Putting the Equality and Quality into Interpreting and Translation

Frequently asked questions

The most frequently asked questions are:

Certified translation is when an accredited DPSI or CIOL translator attest that the translation is a true, complete and accurate translation of the original document or copy of the document. Each page of the translation should be stamped and/or initialled (by the translator and/or certifying authority), to prevent any tampering or misuse.

“Legalised or Apostilled: Translations cannot be sealed with an Apostille stamp unless they carry a declaration endorsed by a Notary Public. This type of translation in general may not be a UK document, will bear the Apostille. The competent authority for issuing Apostilles in the UK is the Foreign and Commonwealth Office (FCO). An Apostille verifies the authenticity of the signature and ensures that the document is recognised in all States that signed the Hague Convention of 1961; it does not endorse the content of the document. For further information see http://www.apostille.org.uk/apostille-countries. If you require an apostille, please contact the Legalisation Office.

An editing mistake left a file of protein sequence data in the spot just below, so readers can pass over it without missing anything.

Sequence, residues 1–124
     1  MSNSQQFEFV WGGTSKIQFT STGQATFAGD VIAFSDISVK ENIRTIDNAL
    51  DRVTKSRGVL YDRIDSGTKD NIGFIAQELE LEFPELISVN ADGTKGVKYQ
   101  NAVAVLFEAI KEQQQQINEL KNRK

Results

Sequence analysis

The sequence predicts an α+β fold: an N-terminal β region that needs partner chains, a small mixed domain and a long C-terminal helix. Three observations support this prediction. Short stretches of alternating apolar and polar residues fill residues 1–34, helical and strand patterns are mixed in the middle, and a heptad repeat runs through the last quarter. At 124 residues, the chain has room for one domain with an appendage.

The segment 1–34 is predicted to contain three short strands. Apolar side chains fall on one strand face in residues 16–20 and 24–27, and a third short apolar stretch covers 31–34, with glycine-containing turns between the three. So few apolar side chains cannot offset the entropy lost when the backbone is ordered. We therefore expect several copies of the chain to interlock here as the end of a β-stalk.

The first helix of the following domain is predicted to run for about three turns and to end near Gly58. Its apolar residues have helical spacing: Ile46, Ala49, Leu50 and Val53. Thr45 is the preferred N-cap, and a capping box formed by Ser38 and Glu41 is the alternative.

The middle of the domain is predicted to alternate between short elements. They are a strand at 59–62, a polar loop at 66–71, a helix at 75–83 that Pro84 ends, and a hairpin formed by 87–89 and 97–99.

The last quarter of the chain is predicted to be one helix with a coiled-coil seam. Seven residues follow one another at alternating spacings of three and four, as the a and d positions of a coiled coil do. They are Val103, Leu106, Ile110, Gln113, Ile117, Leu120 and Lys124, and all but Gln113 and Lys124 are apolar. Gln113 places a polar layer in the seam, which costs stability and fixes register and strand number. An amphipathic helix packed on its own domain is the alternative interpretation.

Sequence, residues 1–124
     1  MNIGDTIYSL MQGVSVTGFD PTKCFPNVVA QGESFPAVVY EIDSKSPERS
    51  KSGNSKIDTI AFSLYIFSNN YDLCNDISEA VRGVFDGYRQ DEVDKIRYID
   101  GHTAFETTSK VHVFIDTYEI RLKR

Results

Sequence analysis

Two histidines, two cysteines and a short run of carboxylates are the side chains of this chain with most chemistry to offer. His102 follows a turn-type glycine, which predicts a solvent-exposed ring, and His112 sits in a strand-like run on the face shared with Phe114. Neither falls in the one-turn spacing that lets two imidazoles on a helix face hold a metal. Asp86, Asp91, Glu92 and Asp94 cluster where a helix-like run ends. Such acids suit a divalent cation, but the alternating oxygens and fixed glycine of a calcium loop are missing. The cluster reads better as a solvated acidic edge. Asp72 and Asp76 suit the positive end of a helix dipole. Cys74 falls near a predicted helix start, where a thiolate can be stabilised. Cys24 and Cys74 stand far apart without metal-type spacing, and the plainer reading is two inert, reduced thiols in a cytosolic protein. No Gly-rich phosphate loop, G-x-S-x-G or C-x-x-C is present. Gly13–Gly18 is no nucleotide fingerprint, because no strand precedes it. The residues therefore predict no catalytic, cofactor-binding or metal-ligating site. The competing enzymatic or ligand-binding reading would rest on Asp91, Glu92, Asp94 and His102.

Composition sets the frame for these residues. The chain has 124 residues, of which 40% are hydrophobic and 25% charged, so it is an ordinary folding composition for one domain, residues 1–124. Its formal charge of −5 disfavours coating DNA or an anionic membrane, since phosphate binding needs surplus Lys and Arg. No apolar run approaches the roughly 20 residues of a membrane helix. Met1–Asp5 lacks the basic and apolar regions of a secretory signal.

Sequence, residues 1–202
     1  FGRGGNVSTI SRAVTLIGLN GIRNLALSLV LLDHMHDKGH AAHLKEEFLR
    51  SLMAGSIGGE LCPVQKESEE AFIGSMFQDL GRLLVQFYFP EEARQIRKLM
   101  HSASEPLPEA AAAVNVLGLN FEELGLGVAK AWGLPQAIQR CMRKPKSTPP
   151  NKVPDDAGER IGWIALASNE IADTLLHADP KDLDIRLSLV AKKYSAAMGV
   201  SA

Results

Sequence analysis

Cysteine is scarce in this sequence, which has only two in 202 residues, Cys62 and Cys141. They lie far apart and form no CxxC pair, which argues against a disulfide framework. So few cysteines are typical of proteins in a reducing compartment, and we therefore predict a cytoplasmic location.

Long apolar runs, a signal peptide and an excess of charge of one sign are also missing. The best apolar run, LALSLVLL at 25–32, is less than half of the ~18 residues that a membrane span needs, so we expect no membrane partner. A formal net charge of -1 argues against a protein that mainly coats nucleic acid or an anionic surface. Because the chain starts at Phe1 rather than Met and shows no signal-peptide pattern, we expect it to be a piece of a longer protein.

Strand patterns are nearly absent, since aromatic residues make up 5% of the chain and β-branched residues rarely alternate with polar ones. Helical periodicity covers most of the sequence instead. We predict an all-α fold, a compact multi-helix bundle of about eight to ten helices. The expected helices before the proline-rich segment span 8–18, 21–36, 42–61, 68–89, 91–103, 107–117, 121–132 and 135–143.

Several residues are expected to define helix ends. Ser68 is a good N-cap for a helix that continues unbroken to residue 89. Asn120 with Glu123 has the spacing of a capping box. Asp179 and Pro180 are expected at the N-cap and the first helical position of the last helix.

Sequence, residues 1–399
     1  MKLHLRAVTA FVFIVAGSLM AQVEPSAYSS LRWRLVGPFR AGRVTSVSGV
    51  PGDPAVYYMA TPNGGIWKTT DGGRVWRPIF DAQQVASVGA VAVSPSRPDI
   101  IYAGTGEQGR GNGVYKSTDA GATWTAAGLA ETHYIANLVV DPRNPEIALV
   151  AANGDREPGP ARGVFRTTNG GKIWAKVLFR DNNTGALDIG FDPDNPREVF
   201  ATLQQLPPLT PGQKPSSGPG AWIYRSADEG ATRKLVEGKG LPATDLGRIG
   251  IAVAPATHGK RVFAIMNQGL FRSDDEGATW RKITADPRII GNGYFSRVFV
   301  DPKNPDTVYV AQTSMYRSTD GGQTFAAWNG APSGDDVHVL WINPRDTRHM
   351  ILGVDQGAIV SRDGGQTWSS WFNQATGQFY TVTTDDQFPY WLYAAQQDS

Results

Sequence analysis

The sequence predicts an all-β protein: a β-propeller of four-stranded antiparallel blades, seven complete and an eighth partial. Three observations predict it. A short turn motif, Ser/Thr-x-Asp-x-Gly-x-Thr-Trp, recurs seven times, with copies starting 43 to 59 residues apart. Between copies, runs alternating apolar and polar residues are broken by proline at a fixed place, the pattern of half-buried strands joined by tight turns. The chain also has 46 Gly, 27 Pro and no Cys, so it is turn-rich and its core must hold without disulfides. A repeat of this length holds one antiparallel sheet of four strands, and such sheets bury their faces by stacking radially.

Notarised: is where the translator affirms before a notary public that the translation is faithful to the original. Notarised translations are usually for the purpose of making them ‘official’ for overseas use and for providing accountability in terms of the translator’s details. The Notary’s signature cannot endorse the quality of the translation, unless that is done by a DPSI or CIOL translator

Sworn translators are very common outside of the UK. This type of translation is done only by translators registered on Embassy or Consulates.

They are an accredited translator with a degree in translation or equivalent certification and can certified translation by sworn. Depending on the country, only sworn translators who are listed on the official list of sworn translators may produce a ‘certified’, ‘sworn’ or ‘official’ translation.